|Elon Musk furious. Feels ex-employee ripped off their secrets|
Tesla Motors Inc. is accusing the former director of its Autopilot program and the former tech guru behind Google's self-driving car of improperly recruiting the auto maker's engineers to create their own autonomous-car startup.
The allegations raised in a lawsuit filed Thursday in California state court in Santa Clara are sure to rock the nascent self-driving car industry that is racing to put automated vehicles on the roadways in the next few years.
Tesla's lawsuit accuses Sterling Anderson of violating his employment contract with the company by trying to recruit at least a dozen engineers and taking "hundreds of gigabytes" of confidential and proprietary information for the benefit of a company he allegedly founded while still at Tesla.
Mr. Anderson oversaw the team developing the semi-autonomous Autopilot system from November 2015 until this month.
The auto maker also accuses Mr. Anderson's business partner, Chris Urmson, of helping to recruit Tesla workers for their new startup called Aurora. Mr. Urmson is the former chief technology officer of Alphabet Inc.'s Google self-driving effort, now called Waymo.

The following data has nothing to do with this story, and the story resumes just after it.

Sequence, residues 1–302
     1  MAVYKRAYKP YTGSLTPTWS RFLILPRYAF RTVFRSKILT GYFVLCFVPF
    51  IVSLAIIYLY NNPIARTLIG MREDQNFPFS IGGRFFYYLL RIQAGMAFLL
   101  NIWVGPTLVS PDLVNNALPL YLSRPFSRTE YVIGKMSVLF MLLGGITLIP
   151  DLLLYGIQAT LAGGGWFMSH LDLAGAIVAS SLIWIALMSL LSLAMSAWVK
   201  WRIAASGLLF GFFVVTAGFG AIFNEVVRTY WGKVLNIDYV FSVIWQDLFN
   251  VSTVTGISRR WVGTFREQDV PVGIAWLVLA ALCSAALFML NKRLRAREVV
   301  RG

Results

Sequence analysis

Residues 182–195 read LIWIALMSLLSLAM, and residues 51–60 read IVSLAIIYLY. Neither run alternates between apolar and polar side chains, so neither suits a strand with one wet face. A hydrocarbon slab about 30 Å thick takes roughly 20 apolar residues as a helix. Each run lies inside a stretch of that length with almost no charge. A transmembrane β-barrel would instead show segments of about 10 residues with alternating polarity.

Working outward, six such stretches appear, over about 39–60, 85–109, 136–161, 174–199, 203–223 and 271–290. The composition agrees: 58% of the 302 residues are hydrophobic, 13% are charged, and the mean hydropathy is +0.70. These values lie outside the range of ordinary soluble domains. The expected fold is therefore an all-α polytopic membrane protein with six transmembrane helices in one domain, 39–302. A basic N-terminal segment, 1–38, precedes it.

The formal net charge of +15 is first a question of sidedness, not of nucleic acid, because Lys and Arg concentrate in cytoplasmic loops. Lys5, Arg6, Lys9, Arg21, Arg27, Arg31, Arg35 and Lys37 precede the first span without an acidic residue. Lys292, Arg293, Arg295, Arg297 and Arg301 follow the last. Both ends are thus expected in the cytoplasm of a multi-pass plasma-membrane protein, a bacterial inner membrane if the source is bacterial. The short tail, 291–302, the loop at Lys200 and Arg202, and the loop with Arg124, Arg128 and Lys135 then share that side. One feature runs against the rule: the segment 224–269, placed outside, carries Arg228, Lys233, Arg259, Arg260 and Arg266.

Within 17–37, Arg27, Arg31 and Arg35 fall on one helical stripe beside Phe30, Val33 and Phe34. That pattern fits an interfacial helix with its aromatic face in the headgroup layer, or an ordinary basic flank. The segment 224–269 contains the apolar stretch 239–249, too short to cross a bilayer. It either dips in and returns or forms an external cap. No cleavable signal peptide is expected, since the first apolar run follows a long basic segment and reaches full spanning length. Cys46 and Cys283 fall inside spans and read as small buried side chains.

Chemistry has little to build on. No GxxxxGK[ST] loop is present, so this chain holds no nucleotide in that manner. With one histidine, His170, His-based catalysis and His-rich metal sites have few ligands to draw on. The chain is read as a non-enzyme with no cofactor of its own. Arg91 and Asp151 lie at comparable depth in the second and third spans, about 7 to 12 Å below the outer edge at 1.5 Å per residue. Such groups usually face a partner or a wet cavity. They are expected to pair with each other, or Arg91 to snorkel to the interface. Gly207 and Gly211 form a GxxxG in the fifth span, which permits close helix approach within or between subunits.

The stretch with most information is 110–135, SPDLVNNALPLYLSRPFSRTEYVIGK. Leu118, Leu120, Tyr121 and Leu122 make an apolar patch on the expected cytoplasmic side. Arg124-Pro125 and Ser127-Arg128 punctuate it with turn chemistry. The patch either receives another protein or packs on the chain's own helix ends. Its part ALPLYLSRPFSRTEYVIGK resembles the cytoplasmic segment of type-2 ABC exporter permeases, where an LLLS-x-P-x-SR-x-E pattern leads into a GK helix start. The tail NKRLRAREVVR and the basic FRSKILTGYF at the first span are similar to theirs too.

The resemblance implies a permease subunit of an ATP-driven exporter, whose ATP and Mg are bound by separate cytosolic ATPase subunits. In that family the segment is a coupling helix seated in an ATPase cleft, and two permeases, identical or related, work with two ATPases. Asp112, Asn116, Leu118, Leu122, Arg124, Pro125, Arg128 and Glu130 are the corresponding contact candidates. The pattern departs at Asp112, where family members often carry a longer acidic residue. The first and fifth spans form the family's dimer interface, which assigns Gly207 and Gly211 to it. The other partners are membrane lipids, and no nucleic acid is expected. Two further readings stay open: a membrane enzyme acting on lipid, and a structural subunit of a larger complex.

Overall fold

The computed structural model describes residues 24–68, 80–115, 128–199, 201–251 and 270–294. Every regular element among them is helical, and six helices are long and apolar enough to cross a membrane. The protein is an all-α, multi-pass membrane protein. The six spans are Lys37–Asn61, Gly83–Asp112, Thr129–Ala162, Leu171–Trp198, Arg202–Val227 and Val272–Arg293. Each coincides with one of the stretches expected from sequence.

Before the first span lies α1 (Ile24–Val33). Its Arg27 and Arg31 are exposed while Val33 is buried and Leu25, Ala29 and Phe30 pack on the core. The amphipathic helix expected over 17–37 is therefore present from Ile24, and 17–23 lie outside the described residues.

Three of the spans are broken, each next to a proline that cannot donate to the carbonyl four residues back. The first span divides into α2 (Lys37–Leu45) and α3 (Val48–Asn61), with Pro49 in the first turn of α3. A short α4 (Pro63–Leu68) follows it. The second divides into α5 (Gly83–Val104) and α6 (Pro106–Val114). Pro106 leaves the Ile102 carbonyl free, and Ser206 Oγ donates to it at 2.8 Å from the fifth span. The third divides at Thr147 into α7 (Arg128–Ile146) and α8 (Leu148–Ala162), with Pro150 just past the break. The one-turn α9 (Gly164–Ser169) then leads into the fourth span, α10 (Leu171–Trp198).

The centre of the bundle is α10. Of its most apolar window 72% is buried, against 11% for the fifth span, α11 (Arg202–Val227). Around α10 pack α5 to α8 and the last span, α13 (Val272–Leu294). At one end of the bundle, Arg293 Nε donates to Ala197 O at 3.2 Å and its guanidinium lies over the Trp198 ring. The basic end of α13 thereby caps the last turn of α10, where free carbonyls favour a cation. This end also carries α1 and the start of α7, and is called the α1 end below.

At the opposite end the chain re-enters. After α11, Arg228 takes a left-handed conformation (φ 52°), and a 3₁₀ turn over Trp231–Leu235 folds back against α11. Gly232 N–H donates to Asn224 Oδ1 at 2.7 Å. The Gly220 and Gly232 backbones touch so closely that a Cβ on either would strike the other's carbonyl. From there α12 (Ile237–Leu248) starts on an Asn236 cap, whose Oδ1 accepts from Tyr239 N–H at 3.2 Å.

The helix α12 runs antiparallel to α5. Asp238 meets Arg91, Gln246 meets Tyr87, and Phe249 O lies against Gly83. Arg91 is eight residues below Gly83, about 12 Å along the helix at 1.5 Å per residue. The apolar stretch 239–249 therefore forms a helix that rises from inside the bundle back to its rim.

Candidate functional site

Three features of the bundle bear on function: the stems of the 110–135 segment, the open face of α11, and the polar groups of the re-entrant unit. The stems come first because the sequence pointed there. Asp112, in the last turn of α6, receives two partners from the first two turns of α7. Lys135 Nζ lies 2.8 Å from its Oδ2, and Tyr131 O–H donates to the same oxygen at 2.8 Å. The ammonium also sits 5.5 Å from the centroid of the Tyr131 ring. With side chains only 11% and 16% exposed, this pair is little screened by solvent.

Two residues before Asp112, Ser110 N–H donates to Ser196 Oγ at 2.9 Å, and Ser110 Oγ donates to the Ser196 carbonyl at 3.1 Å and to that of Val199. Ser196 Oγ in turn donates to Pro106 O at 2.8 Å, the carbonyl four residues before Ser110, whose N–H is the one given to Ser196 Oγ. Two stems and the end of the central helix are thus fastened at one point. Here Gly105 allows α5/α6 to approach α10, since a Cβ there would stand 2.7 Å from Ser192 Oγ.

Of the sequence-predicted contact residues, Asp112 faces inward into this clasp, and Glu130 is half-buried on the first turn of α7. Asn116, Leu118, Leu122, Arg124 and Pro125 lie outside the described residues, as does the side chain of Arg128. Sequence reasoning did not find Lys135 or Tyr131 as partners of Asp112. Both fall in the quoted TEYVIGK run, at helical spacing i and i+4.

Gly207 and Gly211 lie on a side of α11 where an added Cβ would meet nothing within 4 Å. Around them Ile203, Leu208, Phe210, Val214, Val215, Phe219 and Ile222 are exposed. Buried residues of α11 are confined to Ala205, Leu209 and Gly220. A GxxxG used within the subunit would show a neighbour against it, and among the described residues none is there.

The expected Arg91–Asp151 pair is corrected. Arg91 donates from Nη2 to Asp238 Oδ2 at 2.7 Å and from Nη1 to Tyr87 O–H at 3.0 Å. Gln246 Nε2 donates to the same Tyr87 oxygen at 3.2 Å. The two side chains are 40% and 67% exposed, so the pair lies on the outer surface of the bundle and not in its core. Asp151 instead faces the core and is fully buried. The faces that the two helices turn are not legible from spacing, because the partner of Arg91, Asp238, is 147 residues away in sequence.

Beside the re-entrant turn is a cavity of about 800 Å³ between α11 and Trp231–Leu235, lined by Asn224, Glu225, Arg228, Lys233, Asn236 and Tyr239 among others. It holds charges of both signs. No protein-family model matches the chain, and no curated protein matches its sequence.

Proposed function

"Tesla cannot sit idly by when an employee like Anderson abuses his position of trust and orchestrates a scheme to deliberately and repeatedly violate his non-solicit agreement, hide evidence, and take the company's confidential and proprietary information for use in a competing venture," Tesla said in the lawsuit.
When reached for comment, Mr. Anderson emailed a statement attributed to his company, Aurora Innovation LLC, which was also named as a defendant in the suit. “Tesla's meritless lawsuit reveals both a startling paranoia and an unhealthy fear of competition," the statement said. “This abuse of the legal system is a malicious attempt to stifle a competitor and destroy personal reputations. Aurora looks forward to disproving these false allegations in court and to building a successful self-driving business."
Mr. Urmson didn't immediately respond to a request for comment. Tim Higgins/The Wall Street Journal